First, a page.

U19, written by Mr. Yuuji Kimura, debuted in Weekly Shounen Jump #11.The Circumstances
U19 takes place in Japan in the year 2036. After Japan's decline in the 2000s as a result of their lax education policies, the "Grown-ups Party" took control of the country and reformed the system. The upside: even adults previous labeled as "worthless" could find a secure job and place to live. The downside: education means everything. According to their performance in school, children are assigned a rank from A (Excellent) to D (Worthless). The higher a person's rank, the more possibilities they have later on in live. But it does not stop there. Prime minister Yamato Shiki and the Grown-ups Party have now devised a new plan to further their segregation scheme.The Cast
Our main cast are students of Tooyama High School. First up the protagonist, Eiji Kudou, a rebel who not only questions the Grown-ups Party's policies, but also has the guts to confront the adults. Next up are his classmates: Suzuki, who has his eyes set on a baseball career, the idol-obsessed Maehara, class representative Nanami, occultist Kuroiwa, and finally Eiji's childhood friend and love interest, Akari Tsukino. Representing the adults are Eiji's teacher, Mr. Tani, the children's parents as well as the Grown-ups Party itself of course. And then there are rumors about a mysterious organization, the Garage Kids, whose members supposedly possess superpowers called Libido and who stand up to the adults. Do they really exist or are they merely a legend?The Conflict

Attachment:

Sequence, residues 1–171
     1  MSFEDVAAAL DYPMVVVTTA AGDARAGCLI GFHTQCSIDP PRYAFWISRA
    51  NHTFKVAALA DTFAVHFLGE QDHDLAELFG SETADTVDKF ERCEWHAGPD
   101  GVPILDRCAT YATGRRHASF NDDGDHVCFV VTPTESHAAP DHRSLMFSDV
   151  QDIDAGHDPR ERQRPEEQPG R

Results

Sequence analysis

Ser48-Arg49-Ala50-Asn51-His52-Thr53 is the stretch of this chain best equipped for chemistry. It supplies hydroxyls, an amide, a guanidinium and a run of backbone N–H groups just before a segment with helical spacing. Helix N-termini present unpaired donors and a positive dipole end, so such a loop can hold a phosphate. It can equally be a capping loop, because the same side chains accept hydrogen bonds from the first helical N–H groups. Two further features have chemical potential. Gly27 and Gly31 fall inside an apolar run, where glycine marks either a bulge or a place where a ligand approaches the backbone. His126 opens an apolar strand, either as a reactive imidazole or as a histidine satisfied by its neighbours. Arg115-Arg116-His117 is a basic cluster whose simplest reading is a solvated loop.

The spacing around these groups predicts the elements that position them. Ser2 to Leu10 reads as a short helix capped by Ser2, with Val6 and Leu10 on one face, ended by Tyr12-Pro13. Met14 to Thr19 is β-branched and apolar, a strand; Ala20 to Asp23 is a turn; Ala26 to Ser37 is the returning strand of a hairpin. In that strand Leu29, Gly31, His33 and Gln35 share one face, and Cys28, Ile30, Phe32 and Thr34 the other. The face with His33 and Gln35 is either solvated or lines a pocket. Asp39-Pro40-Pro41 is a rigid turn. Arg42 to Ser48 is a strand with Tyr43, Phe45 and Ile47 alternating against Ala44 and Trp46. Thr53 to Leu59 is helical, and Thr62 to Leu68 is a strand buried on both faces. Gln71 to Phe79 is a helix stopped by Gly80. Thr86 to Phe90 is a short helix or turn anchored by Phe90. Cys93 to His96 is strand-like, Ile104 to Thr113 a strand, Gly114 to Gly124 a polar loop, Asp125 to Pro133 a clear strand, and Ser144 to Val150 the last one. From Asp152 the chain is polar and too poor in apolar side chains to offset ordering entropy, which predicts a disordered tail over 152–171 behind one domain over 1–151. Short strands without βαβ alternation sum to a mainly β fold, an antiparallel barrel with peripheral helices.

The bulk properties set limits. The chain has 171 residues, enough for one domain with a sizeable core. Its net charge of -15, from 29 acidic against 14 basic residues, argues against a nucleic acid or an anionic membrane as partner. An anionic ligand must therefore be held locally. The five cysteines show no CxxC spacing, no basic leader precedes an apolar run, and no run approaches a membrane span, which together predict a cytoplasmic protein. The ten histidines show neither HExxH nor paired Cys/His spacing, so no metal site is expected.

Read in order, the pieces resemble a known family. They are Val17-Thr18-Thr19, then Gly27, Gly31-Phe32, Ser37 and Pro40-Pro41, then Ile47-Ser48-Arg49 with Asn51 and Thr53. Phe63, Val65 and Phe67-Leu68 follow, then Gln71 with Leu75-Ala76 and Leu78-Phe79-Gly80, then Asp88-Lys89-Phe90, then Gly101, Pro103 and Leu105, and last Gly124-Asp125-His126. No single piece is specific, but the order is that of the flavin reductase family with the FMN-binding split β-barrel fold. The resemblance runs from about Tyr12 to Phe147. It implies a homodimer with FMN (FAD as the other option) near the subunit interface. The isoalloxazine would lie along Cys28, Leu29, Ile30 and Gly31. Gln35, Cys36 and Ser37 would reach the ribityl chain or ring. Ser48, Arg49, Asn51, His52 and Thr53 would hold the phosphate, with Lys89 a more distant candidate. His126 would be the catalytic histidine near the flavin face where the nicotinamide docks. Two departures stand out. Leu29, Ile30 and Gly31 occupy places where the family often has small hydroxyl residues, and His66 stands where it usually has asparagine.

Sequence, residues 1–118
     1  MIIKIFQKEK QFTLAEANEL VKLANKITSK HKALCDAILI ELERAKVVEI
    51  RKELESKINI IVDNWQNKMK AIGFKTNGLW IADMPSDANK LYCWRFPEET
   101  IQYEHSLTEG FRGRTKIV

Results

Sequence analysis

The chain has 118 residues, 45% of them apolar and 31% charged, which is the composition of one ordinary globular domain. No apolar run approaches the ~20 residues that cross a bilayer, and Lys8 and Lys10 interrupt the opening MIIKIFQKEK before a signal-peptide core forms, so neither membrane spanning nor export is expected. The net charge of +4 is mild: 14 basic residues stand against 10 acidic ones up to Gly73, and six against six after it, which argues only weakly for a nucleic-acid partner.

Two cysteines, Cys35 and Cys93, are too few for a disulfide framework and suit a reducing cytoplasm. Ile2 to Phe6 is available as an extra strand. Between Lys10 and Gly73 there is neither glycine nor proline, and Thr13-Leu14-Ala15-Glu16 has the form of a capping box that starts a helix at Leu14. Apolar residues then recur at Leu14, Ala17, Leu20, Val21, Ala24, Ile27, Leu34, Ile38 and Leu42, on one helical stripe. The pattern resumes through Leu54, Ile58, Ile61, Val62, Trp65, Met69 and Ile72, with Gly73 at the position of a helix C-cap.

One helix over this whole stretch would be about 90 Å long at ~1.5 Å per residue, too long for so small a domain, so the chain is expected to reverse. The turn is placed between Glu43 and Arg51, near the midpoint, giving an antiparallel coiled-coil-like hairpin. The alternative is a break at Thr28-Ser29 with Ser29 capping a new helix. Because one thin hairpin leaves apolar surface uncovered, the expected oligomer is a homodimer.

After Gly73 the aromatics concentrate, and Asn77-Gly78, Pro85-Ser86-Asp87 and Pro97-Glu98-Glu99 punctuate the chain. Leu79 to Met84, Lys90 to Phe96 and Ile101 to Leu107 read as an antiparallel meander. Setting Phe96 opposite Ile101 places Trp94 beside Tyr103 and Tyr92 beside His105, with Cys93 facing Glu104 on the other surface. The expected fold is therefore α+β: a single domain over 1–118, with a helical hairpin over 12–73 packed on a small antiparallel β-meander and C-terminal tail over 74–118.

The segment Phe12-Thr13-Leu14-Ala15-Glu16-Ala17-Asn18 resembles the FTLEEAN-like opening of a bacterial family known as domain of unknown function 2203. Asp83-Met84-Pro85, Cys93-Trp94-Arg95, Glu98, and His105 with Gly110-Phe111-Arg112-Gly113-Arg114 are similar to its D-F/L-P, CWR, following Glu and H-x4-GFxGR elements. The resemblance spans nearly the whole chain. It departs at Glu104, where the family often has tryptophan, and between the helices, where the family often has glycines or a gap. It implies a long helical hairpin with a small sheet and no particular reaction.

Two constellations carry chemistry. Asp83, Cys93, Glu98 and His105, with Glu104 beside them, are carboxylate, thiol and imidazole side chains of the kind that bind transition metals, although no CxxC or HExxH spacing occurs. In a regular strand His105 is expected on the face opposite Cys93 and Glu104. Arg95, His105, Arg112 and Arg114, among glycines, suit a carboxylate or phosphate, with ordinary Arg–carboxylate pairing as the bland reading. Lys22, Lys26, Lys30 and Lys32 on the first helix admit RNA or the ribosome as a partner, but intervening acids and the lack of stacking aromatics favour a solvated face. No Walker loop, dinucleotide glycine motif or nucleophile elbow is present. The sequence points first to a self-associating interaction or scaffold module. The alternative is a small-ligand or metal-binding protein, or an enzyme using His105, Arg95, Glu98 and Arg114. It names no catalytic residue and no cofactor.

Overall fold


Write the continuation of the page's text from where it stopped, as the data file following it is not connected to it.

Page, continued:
Mr. Kimura has set up two main conflicts in this opening chapter. First, there is of course the overarching story of children vs adults - will the kids be able to form their own futures or will their fates be determined by nothing but the government's assessments? Secondly, there is Eiji's personal struggle. Just as he decides to confess to Akari and imagines that they will find happiness in living together for the rest of their lives, the Grown-ups Party discovers that Akari possesses superior genes and makes her transfer schools, separating the two. As a result, Eiji's motivation will presumably be to change society in order to reunite with his friend.The Commentary
U19 opens with a punch (or, maybe more accurately, a shave) and loses no time in establishing both the world and its inhabitants. Mr. Kimura did a good job showing each party's motivations in an efficient manner and already teases some potential developments down the line. It remains to be seen how well the characters will be fleshed out later on and how the respective interests of children and adults are represented. Especially the latter could make or break this series in my eyes since right now the appeal of the Grown-ups Party as antagonists seems to be that they genuinely believe in their system and it actually works on a certain level. But should these legitimate motivations be replaced later on, the plot as a whole might take a hit. Nevertheless, we are off to a promising start and if the premise sounds interesting to you, you would do well to keep an eye on the series.Has this series caught your interest? Then check out our thread for the latest news and discussions.